Check out the website & purchase the course today!

Mondays @ the Museum Behind-the-Scenes – Week 2: Reading Art

Week 1 Intro to the Museum 

Week 2 Gallery/Topic Exploration: Reading ART

Week 3 Gallery/ Topic Exploration: looking through a Social Studies lens 

Week 4 Gallery/ Topic Exploration: looking through a S.T.E.M. lens 

Week 5 Gallery/ Topic Exploration: Experiencing with Performing Arts 

Week 6 Review and culmination exercises

MONDAY: September 21, 2020

Last week I made this comment: This course is different. It’s actually not only about the art. It’s about HOW you interact with the art, artifacts, space and content of whatever museum you visit be it in person or online. What connecting threads of interest can we follow through the museum?”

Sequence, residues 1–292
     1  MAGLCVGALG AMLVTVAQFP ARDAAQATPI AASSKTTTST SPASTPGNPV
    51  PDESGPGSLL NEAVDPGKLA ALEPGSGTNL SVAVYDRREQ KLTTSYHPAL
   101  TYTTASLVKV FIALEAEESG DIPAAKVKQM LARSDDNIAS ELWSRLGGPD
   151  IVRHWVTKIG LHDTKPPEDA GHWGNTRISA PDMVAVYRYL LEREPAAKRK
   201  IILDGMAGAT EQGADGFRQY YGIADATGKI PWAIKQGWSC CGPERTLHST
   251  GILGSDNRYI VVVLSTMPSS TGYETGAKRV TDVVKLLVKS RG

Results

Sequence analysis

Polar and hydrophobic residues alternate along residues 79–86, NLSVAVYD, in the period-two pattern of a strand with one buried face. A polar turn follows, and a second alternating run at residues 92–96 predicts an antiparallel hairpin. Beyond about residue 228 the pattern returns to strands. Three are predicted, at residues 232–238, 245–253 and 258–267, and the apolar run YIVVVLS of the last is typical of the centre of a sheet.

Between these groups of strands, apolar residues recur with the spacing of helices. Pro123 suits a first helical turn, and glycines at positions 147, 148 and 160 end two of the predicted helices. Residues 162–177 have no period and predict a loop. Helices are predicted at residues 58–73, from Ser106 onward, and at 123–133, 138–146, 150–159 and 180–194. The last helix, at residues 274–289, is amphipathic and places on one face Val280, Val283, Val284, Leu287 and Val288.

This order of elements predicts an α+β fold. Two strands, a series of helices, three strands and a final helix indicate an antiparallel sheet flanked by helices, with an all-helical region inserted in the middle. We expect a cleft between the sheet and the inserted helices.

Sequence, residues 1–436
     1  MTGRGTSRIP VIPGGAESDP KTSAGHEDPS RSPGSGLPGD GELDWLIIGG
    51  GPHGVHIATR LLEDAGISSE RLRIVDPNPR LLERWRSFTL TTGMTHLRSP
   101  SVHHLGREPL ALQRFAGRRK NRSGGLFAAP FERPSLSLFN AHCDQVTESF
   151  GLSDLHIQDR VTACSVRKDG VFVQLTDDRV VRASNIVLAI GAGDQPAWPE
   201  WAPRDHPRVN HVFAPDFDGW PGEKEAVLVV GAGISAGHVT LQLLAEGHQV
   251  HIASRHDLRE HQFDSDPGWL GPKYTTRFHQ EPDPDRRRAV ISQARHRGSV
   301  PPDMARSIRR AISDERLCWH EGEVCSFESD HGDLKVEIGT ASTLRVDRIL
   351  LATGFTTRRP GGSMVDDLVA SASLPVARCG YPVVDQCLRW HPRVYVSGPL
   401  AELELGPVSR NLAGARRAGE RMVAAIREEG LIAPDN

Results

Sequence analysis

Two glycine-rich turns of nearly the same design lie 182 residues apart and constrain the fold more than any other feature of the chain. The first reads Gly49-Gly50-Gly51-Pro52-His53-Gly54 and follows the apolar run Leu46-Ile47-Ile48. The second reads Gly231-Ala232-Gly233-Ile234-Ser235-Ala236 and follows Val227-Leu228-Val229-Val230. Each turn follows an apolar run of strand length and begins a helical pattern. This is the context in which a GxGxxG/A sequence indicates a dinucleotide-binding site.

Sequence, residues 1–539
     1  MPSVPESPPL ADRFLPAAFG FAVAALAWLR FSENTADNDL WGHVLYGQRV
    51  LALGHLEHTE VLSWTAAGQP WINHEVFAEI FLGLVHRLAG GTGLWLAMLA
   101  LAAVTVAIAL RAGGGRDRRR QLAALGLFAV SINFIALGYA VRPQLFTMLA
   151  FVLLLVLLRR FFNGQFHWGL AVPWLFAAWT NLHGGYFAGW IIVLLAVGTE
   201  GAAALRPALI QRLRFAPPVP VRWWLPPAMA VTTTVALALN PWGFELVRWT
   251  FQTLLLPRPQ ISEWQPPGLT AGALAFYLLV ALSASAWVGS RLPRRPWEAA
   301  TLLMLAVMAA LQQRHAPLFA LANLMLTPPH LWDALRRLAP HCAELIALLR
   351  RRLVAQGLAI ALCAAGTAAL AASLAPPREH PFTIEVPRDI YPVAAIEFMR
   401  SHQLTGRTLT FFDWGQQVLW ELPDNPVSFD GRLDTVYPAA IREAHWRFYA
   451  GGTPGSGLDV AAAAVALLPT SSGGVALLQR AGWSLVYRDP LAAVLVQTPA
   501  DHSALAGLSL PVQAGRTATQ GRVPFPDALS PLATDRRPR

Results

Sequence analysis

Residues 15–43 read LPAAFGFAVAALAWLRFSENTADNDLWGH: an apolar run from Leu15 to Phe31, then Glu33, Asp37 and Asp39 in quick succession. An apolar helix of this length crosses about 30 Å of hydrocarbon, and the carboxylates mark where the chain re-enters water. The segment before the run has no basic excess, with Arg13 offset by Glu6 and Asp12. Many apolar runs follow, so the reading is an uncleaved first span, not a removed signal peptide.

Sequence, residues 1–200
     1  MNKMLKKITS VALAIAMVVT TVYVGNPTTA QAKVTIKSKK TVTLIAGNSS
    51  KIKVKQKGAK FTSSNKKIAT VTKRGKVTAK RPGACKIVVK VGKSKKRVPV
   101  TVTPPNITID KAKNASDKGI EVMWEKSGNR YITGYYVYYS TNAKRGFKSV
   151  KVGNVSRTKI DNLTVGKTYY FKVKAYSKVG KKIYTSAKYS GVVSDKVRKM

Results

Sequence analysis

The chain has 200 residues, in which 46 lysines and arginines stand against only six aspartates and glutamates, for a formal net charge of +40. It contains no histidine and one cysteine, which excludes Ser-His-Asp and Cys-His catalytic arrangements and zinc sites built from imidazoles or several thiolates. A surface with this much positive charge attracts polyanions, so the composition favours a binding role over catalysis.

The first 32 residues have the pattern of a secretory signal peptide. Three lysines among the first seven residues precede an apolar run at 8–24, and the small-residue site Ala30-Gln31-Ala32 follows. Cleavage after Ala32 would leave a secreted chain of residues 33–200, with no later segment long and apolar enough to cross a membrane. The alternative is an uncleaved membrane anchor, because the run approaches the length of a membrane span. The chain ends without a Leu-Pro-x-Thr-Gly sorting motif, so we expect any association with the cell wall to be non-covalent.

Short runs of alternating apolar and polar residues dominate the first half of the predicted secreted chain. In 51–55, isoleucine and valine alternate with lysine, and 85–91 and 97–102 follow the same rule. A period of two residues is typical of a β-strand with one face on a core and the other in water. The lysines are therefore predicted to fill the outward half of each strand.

Well, this week was all about the art AND how we interact with that art!

What we got to do this Monday, was spend all of our time really focusing on the idea of what art is and all the different ways we can engage with it, online or in-person. We used two very different paintings, each exploring a theme around Autumn/Harvest. One was from the 16th Century and the other from the 20th.

“I liked the Pollack [Autumn Rhythm] the best because it made me feel lots of different emotions! The other one only let me feel one or two emotions. I like how excited I felt looking at it.”

4th grade Mondays @ the Museums Zoom class participant